MONTANA v. JACKSON
Annotate this Case
460 U.S. 1030 (1983)
U.S. Supreme Court
MONTANA v. JACKSON , 460 U.S. 1030 (1983)
460 U.S. 1030
Robert Charles JACKSON
Supreme Court of the United States
March 21, 1983
On petition for writ of certiorari to the Supreme Court of Montana.
The petition for writ of certiorari is granted. The judgment is vacated and the case is remanded to the Supreme Court of Montana to consider whether its judgment is based upon federal or state constitutional grounds, or both, California v. Krivda, 409 U.S. 33, 93 S. Ct. 32 (1972), and, if its judgment is not based upon state constitutional grounds, for further consideration in light of South Dakota v. Neville, 459 U.S. ---, 74 L.Ed.2d ___ (1983).
Justice STEVENS, dissenting.
In its opinion explaining its holding that the defendant's refusal to submit to a breathalizer sobriety test is inadmissible, the majority of the Supreme Court of Montana stated, in part:
- "We hold that such refusal is testimonial in nature and that to admit evidence of the fact of refusal would violate the defendant's Fifth Amendment privilege as guaranteed by the United States Constitution, and would further violate defendant's privilege as guaranteed by Art. II, 25 of the Montana Constitution." App. to Pet. for Cert. A-2.
After analyzing the federal constitutional question in the light of this Court's opinion in Schmerber v. California, 384 U.S. 757, the court continued:
"The issue is also controlled by Art. II, 25 of our own constitution, which provides that 'no person shall be compelled to testify against himself in a criminal proceeding.' The issue involves a communication that is testimonial in nature, and we must resolve the issue by applying Art. II, 25. Clearly, to permit evidence of defendant's refusal to take the breathalyzer test would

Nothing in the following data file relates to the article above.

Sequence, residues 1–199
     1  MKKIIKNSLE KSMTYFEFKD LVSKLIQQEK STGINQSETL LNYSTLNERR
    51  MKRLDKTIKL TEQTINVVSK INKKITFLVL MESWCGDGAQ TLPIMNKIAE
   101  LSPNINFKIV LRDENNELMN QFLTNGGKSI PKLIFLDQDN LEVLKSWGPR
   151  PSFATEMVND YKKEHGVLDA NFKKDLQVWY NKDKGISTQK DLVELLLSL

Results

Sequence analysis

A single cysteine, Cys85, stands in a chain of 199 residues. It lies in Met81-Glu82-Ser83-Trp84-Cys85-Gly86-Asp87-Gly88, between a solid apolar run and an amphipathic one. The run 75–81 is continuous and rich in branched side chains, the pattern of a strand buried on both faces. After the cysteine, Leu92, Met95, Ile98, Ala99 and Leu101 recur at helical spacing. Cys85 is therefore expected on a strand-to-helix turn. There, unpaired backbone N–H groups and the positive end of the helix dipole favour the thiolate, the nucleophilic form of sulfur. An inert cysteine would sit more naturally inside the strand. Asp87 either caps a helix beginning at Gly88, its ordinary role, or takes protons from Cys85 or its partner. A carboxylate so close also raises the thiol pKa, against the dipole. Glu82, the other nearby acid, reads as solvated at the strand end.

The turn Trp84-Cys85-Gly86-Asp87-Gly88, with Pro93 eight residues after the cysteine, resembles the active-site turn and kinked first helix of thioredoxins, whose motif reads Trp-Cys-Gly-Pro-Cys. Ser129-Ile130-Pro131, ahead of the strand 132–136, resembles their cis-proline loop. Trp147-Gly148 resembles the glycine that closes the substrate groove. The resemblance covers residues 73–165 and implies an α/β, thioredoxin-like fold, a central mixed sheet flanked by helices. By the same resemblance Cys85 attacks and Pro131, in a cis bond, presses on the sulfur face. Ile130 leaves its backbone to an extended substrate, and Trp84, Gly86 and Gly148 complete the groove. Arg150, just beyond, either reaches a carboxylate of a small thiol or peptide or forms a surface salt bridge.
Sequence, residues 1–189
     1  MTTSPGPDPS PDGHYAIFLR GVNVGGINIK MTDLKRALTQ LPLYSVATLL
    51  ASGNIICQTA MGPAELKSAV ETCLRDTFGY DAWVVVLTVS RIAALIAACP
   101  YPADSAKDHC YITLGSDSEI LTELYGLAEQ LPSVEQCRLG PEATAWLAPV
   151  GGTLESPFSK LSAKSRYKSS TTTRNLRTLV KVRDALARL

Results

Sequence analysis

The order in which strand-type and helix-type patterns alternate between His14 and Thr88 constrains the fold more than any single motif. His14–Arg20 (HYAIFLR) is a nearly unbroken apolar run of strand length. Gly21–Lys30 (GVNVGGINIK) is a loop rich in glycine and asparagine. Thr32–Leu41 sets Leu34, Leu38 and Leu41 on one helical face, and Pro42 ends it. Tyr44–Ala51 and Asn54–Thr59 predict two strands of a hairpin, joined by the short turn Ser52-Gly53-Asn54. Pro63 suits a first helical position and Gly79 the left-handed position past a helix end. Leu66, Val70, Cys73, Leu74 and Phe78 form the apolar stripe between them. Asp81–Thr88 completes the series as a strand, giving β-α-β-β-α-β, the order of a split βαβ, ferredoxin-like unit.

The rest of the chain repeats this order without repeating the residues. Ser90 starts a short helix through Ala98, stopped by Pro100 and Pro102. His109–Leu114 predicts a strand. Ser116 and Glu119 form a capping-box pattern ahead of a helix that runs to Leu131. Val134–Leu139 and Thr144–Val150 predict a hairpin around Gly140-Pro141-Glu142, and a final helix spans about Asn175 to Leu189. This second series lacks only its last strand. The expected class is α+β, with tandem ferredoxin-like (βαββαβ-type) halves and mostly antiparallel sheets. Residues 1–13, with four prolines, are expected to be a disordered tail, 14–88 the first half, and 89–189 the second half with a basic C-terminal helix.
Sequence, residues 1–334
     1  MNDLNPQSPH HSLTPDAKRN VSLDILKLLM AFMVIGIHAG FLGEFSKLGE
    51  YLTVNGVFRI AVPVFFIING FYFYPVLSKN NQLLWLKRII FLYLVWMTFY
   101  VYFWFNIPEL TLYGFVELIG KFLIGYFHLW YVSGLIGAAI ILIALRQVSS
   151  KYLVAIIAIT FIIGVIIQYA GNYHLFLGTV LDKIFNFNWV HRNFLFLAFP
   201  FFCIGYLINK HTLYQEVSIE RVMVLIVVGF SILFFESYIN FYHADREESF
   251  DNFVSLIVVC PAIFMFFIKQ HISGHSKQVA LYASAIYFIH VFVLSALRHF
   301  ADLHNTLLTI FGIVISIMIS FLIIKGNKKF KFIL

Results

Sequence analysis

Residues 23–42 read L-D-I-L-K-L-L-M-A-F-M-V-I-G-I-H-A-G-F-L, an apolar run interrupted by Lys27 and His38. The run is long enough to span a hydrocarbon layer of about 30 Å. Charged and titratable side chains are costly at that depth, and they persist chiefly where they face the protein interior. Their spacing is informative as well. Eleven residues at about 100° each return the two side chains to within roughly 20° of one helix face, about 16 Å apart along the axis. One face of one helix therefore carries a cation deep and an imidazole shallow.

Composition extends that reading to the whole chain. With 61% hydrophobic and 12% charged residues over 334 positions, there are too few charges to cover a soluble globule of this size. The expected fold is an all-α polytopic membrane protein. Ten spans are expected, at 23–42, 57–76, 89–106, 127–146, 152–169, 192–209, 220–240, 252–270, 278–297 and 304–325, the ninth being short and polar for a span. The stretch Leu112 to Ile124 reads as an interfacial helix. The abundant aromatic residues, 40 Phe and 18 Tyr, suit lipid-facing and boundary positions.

violate not only the United States Constitution, but also our own constitution.
"In State v. Finley (1977), 173 Mont. 162, 566 P.2d 1119, we held that a defendant's privilege against self-incrimination was not violated by admitting into evidence a videotape recording of his post- arrest words and actions. We decided that the tape had not been introduced for the incriminating content of the words uttered by the defendant, but rather for the purpose of aiding the jury in understanding the testimony of the witnesses who had observed the defendant's unsteady walk and his slurred speech after his arrest. We specifically noted that the videotape did not contain incriminating responses to interrogation by the police. But the same situation does not exist here. It is obvious that defendant's refusal is inherently self-incriminating because it carries a strong inference of guilt-the prosecutor would surely argue that defendant's refusal to take the test was prompted only by his knowledge that the test results would reveal his intoxication, and therefore incriminate him.
"We hold under our own constitution, that if a communication of refusal, whether written, verbal, or otherwise, involves the defendant's consciousness of the facts and the operation of his mind in expressing it, the communication is testimonial in nature. A defendant's silence or negative reply to an officer's request which calls for an immediate reply is clearly an overt communication of the defendant's thoughts in response to the request. Doyle v. Ohio (1976 ), 426 U.S. 610. It is the act of refusal that is pertinent and suggestive of guilt, rather than the way in which it is communicated. Under our constitution, the privilege against self-incrimination forbids any compulsory communication of an accused person's thoughts, whether by acts or words spoken, and the fact that it does not extend its protection to forbid [460 U.S. 1030 , 1032]
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